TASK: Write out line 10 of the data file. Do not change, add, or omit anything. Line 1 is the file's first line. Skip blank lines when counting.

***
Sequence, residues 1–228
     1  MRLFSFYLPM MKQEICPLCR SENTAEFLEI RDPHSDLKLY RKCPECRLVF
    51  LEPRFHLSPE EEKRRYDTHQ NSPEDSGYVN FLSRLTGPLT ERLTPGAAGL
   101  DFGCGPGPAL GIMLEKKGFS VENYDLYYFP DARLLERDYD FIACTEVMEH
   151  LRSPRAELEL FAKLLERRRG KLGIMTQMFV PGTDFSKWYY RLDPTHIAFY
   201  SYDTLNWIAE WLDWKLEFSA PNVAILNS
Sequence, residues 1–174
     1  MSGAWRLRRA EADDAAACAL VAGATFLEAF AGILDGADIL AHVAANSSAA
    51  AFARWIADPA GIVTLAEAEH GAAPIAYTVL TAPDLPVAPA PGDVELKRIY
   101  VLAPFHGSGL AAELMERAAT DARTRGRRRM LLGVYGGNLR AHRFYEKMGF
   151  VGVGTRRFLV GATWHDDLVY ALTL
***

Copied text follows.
   101  VLAPFHGSGL AAELMERAAT DARTRGRRRM LLGVYGGNLR AHRFYEKMGF